Corpus Christi Caller-Times
By Kathryn Cargo
Original article here
Moda Midstream’s plans to expand its crude oil export terminal in Ingleside could disturb a site sacred to the Indigenous Karankawa and other tribes in the Coastal Bend, a Corpus Christi-based inter-tribal nonprofit organization says in a letter to federal regulators.
The terminal is located at the confluence of the Corpus Christi Ship Channel and La Quinta Ship Channel at near Ingleside on the Bay. The Moda Ingleside Energy Center sits on more than 900 acres of land that will allow for future expansion.
“Moda wants to expand their oil export terminal and they are already violating the bluff where our artifacts and human remains have been found,” said Love Sanchez, Karankawa of the nonprofit intertribal group, Indigenous People of the Coastal Bend. “This was a campsite of the Karankawa people and must be preserved from this polluting facility.”
The Environmental Integrity Project sent a letter Wednesday to the Environmental Protection Agency requesting the agency to enforce the Clean Air Act protections against the expansion. The EIP did so on behalf of the Indigenous People of the Coastal Bend.
They say the proposed project would violate the act by generating air pollution.
Moda is investing $300 million to $500 million to make the center at 1450 Lexington Blvd. in Ingleside a “key energy hub” for crude oil by accommodating Very Large Crude Carriers. VLCCs are about 1,100 feet long — roughly the length of three football fields — and 200 feet wide, and can carry up to 2 million barrels of crude oil.
The local Indigenous group also says the expansion would increase “deadly” pollution, including hydrogen sulfides/sulfur dioxide. The pollution would impact communities of Ingleside on the Bay, Ingleside. It would also affect a Corpus Christi area with Indigenous, Black, and low-income communities.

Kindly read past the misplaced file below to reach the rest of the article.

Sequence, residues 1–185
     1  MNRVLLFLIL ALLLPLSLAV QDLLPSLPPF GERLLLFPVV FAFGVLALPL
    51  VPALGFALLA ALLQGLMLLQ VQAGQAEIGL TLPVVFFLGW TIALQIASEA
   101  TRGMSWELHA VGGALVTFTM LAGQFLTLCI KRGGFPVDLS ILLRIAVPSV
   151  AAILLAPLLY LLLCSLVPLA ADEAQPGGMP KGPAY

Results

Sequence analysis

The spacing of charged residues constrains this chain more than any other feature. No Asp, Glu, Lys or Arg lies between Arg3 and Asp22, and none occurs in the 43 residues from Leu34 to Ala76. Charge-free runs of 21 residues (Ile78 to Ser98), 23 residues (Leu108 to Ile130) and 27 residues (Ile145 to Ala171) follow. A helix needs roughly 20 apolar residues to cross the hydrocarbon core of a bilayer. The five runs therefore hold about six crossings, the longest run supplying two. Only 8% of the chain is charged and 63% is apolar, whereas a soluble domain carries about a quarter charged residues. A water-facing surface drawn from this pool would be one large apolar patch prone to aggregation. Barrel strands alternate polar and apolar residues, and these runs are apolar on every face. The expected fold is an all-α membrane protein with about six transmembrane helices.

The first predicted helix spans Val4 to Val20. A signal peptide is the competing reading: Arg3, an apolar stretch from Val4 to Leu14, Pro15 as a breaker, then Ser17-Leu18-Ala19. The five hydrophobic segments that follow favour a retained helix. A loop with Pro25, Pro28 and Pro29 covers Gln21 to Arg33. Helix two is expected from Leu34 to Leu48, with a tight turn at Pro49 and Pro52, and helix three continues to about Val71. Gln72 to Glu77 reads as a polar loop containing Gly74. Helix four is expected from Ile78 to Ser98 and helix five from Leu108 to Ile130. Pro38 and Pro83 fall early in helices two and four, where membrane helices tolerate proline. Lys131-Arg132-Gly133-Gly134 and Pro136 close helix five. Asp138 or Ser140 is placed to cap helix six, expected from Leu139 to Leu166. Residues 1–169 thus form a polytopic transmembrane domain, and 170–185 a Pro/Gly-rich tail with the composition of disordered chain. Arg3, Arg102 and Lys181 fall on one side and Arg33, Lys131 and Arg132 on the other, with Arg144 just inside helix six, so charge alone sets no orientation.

According to a group news release, the compounds that Moda proposes to increase are dangerous to human health causing asthma, bronchitis, cardio-pulmonary obstructive disorder, heart disease, strokes, and cancer.
“Moda is already endangering life on the bay – both people’s lives and wildlife,” said Melissa Zamora, Mexika/Coahuiltecan with the group.
Moda’s existing storage capacity at its Ingleside terminal is about 2.1 million barrels, with work underway to construct an additional 10 million barrels of storage through additional tanks.
The future expansion would allow from “basin to berth” deliveries of crude from the Cactus II Pipeline, Gray Oak Pipeline and EPIC Crude Oil Pipeline. The company already receives oil from the Cactus I pipeline used to transport sweet crude from the Permian Basin.
Last week, the Sierra Club also sent a request on behalf of the group to the U.S. Army Corps of Engineers, opposing the expansion.
Next week, a coalition of Gulf Coast organizations plan to ask Biden Administration officials to stop all proposed crude oil export terminals on the Gulf Coast.
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